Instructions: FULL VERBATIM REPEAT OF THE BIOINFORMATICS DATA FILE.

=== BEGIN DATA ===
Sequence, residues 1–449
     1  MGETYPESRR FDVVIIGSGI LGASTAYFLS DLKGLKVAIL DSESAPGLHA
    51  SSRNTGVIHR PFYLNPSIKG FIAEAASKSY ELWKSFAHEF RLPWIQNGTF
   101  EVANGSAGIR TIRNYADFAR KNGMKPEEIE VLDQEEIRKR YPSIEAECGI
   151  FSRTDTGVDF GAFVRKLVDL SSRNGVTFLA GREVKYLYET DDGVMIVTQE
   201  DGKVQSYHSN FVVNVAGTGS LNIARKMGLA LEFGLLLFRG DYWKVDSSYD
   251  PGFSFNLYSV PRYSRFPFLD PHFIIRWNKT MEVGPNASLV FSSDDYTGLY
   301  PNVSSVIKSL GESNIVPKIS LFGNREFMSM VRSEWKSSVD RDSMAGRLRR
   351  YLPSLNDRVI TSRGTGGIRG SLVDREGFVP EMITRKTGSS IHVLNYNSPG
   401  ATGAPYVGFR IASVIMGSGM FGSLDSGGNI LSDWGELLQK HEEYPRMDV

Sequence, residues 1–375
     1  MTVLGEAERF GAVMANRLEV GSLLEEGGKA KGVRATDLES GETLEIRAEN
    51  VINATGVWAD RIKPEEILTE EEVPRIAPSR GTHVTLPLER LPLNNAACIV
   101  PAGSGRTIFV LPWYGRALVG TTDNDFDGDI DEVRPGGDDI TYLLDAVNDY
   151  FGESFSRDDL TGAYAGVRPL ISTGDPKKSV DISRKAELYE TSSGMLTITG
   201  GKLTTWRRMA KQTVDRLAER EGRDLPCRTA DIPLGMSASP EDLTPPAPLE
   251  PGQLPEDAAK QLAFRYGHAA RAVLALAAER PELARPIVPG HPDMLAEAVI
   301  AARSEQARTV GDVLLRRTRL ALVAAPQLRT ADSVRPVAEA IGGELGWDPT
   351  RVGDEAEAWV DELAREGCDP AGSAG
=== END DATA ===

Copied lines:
Sequence, residues 1–449
     1  MGETYPESRR FDVVIIGSGI LGASTAYFLS DLKGLKVAIL DSESAPGLHA
    51  SSRNTGVIHR PFYLNPSIKG FIAEAASKSY ELWKSFAHEF RLPWIQNGTF
   101  EVANGSAGIR TIRNYADFAR KNGMKPEEIE VLDQEEIRKR YPSIEAECGI
   151  FSRTDTGVDF GAFVRKLVDL SSRNGVTFLA GREVKYLYET DDGVMIVTQE
   201  DGKVQSYHSN FVVNVAGTGS LNIARKMGLA LEFGLLLFRG DYWKVDSSYD
   251  PGFSFNLYSV PRYSRFPFLD PHFIIRWNKT MEVGPNASLV FSSDDYTGLY
   301  PNVSSVIKSL GESNIVPKIS LFGNREFMSM VRSEWKSSVD RDSMAGRLRR
   351  YLPSLNDRVI TSRGTGGIRG SLVDREGFVP EMITRKTGSS IHVLNYNSPG
   401  ATGAPYVGFR IASVIMGSGM FGSLDSGGNI LSDWGELLQK HEEYPRMDV

Sequence, residues 1–375
     1  MTVLGEAERF GAVMANRLEV GSLLEEGGKA KGVRATDLES GETLEIRAEN
    51  VINATGVWAD RIKPEEILTE EEVPRIAPSR GTHVTLPLER LPLNNAACIV
   101  PAGSGRTIFV LPWYGRALVG TTDNDFDGDI DEVRPGGDDI TYLLDAVNDY
   151  FGESFSRDDL TGAYAGVRPL ISTGDPKKSV DISRKAELYE TSSGMLTITG
   201  GKLTTWRRMA KQTVDRLAER EGRDLPCRTA DIPLGMSASP EDLTPPAPLE
   251  PGQLPEDAAK QLAFRYGHAA RAVLALAAER PELARPIVPG HPDMLAEAVI
   301  AARSEQARTV GDVLLRRTRL ALVAAPQLRT ADSVRPVAEA IGGELGWDPT
   351  RVGDEAEAWV DELAREGCDP AGSAG